A damp squib -- In some ways the encounter between Arsenal and Chelsea summed up all the clichés of English soccer.
Nearly every other European League had started its winter vacation by Monday, but on a dank, chill London evening two of the top teams in the Premier League faced each other in a potentially pivotal match. Only mad dogs and English clubs go out on nights like this.
Even the most enthusiastic advocates of "The Greatest League in the World" might be hard-pressed to find something positive about the 0-0 draw between Arsenal and Chelsea at the Emirates. Perhaps it showed the "passion" of English soccer, but frankly every league in the world can offer ill-tempered defensive matches in which players seem more focused on kicking opponents than scoring a goal.
José Mourinho, the Chelsea manager, summed it up, when he spoke on Sky TV after the game: "It was a match Arsenal wanted to win but Arsenal did not want to lose. It was a match Chelsea wanted to win but Chelsea did not want to lose."
Arsène Wenger, the Arsenal manager, echoed the point when he said that he made no substitutions because he didn't want to "destabilize" his "defensive band," before going on to insist that he wanted to win the game.
Wenger complained that Arsenal should have had a penalty, for a foul by Willian on Theo Walcott in the first half. Mourinho pointed out that the only "big chance" in the match was a shot by Frank Lampard.
Mourinho, a man who prefers to build from the back, has been brought back to build an attacking team. After Monday's game he blamed his players for not being "aggressive enough to attack defenders" and promised that his "project" to build a "new Chelsea" will come to fruition at some unspecified point in the future. But he couldn't help gloating over the way Chelsea strangled Arsenal.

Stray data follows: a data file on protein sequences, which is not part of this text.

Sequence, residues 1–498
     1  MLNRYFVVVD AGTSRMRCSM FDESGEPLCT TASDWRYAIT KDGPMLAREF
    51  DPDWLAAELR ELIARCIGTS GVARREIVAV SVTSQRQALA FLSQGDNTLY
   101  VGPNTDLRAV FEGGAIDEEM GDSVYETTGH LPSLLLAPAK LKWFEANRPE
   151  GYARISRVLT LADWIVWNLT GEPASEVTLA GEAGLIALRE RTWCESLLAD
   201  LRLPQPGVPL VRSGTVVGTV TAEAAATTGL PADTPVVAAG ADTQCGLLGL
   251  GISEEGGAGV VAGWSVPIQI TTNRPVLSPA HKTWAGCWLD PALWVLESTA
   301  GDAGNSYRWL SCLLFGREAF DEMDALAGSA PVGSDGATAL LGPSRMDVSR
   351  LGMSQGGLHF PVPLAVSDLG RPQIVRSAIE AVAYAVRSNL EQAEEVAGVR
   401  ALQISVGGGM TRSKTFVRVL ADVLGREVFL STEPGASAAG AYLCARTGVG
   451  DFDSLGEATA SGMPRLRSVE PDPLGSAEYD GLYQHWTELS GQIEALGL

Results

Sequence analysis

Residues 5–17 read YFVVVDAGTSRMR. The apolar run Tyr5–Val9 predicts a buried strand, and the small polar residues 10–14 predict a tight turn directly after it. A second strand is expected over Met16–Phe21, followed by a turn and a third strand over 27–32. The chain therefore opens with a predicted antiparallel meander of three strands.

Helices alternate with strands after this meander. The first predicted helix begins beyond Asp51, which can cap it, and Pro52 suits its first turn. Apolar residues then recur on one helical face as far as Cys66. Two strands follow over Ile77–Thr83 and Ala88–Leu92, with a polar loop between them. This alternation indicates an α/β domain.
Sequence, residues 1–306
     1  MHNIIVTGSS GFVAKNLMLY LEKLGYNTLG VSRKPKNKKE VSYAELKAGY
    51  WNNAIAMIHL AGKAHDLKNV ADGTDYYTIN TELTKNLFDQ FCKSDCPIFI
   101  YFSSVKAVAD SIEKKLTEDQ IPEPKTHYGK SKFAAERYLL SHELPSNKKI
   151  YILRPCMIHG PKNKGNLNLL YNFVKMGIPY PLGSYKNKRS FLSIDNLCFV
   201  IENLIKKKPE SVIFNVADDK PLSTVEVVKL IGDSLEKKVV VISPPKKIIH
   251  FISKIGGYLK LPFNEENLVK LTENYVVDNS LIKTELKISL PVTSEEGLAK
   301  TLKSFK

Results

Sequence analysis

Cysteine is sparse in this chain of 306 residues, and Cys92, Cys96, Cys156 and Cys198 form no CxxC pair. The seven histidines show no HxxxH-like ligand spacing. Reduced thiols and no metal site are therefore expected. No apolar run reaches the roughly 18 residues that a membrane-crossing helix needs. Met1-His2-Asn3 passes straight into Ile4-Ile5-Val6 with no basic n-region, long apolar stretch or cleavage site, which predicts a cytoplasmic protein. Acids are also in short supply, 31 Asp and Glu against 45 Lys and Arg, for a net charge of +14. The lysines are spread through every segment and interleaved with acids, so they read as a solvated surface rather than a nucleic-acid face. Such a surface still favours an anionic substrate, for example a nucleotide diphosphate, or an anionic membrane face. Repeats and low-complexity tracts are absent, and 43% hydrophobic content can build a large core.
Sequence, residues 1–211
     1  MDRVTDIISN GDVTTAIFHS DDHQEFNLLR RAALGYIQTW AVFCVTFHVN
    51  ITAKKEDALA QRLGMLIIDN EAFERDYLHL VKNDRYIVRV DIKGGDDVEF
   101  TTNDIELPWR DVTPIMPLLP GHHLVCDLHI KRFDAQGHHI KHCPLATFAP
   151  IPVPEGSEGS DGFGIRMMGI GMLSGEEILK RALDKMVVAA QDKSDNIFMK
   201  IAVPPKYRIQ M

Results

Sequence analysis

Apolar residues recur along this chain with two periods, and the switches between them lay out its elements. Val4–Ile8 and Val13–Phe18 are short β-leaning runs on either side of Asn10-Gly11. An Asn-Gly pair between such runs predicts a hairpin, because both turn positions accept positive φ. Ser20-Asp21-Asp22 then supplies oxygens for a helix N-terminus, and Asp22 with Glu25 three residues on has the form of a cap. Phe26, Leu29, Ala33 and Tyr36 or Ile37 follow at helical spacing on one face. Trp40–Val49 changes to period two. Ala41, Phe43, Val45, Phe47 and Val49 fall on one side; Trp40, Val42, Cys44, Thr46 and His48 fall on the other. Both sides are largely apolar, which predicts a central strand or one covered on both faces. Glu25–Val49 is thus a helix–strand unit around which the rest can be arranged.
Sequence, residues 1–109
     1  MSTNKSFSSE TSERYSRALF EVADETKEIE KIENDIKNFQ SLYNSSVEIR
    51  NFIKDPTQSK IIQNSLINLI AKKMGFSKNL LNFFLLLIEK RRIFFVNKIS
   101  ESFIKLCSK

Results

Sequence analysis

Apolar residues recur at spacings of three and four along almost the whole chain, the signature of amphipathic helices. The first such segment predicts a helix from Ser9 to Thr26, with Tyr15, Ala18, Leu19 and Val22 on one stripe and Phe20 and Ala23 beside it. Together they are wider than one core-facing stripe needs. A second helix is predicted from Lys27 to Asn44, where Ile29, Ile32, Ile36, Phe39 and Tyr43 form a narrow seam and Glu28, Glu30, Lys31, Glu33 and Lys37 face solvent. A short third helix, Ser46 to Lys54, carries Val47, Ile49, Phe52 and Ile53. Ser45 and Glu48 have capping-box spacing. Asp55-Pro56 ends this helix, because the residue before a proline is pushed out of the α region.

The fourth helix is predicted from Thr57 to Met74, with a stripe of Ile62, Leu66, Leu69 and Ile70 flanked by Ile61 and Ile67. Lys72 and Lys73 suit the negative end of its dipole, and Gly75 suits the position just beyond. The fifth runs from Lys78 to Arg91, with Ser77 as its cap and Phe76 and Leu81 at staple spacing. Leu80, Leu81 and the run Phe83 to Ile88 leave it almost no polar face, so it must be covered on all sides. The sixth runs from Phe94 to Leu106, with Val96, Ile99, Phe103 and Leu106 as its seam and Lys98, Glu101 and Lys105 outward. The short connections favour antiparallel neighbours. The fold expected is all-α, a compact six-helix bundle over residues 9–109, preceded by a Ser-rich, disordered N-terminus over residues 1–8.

"We were defensively in total control. We gave them the ball and let them play the ball from side to side to side."
Chelsea, a heavyweight without a punch, rendered Arsenal punchless too. It was not a pretty sight. The fact that the two teams spent much of the evening kicking each other did not make it any better.
Top of the tree at Christmas -- As recently as December 13, Arsenal was five points clear at the top of the table. It was 13 points clear of Manchester United. It is amazing how quickly an apparently strong lead can vanish even when a team is playing quite well.
Liverpool, not Arsenal, will top the tree at Christmas. But Manchester United is now only eight points off first place. Even Tottenham, despite a humiliation by Liverpool and a change of manager, has gained ground in the last few weeks.
That sudden congestion at the top may explain the caution showed by Arsenal and Chelsea on Monday night.
"One thing is to be two points behind the leaders and another thing to be five points behind," was Mourinho's explanation.
Fear will undoubtedly be a factor over a crowded holiday schedule. Caution might explain what happened as Liverpool defeated Cardiff, 3-1, at Anfield on Saturday. The host looked a worthy league leader in the first half but was not even as good as the struggling Bluebirds in the second.
Like every other team in the division, Liverpool clearly has weaknesses as well as strengths. It is a leader that is only averaging a little over two points a game. If the season carries on like this, the league could be won with 80 points or fewer.
Such a low total will allow a lot of teams to stay in the mix until the end.
A lot of teams appear to be works in progress and it is conceivable that one of them will solve its problems, go on a Manchester United-like run in the spring and gallop away from the league -- though City, not United, seems the likeliest candidate.